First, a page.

Looking back, the press's Clinton complaints seem minor compared to the disrespect and invective the Trump campaign rains down on the press. But at the time, news organizations banded together and insisted that changes be made. ( “The Clinton campaign is far less hostile to reporters than Donald Trump's campaign,” The Huffington Post recently noted.)
So why the relative silence in light of the constant Trump mistreatment of the press? Why did news outlets quickly marshal their forces when Democrat Clinton was the target of criticism, but they apparently do very little when the Republican front-runner is trampling all over the press? Why the obvious double standard for covering Trump and Clinton?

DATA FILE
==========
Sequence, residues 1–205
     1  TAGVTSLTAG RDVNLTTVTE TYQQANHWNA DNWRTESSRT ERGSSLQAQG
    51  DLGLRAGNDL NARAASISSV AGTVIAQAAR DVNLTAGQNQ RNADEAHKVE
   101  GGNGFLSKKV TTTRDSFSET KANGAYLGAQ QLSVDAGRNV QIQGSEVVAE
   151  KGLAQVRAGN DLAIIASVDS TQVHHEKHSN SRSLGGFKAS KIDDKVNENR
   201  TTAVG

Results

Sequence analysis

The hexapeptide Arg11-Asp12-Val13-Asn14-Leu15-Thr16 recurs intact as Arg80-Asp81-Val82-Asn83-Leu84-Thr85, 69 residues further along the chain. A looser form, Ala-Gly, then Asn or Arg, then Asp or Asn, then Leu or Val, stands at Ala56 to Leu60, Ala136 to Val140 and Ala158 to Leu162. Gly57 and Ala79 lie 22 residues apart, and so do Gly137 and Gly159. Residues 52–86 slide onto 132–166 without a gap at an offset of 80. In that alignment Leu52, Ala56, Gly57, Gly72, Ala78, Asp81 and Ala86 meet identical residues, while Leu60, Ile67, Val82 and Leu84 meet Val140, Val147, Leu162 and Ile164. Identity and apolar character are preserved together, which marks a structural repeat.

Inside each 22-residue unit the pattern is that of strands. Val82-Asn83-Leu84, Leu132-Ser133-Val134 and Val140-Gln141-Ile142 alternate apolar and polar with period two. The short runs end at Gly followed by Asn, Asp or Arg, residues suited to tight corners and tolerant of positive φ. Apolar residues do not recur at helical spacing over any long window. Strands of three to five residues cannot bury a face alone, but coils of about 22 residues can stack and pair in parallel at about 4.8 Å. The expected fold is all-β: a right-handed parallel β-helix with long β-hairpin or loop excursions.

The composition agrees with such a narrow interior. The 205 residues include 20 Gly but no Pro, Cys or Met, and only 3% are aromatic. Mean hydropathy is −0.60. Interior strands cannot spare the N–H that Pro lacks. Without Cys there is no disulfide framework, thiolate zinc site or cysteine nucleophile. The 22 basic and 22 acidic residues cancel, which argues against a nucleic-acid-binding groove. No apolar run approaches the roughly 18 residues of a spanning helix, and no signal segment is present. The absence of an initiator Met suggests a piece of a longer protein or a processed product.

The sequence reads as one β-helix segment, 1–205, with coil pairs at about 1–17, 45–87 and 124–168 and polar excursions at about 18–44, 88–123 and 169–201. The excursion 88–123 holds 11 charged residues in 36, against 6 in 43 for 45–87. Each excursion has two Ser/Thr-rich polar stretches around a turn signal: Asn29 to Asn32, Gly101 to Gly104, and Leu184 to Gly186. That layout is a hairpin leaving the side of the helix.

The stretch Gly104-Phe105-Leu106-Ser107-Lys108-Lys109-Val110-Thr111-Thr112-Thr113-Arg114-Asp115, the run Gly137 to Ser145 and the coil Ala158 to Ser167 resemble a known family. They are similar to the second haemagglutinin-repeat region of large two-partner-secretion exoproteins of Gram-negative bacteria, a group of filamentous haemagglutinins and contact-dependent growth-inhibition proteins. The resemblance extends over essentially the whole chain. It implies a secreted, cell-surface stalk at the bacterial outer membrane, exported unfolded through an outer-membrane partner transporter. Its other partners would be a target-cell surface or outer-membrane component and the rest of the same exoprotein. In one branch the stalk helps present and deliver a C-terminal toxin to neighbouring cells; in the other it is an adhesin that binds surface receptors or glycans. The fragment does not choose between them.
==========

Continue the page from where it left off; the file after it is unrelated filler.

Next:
Note that last November, several news organizations discussed their concerns with the Trump campaign. “Representatives from five networks -- ABC, NBC, CBS, Fox and CNN -- discussed their concerns about the Trump campaign restrictions on a Monday conference call, but did not present the campaign with any specific access requests,” according to The Huffington Post.
But very little came of it. “Facing the risk of losing their credentialed access to Trump's events, the networks capitulated,” BuzzFeed reported.
Indeed, in the wake of that meeting, press pens at Trump rallies have recently become even more restrictive, with longer avenues of exit and entries created to separate journalists even further from rally attendees.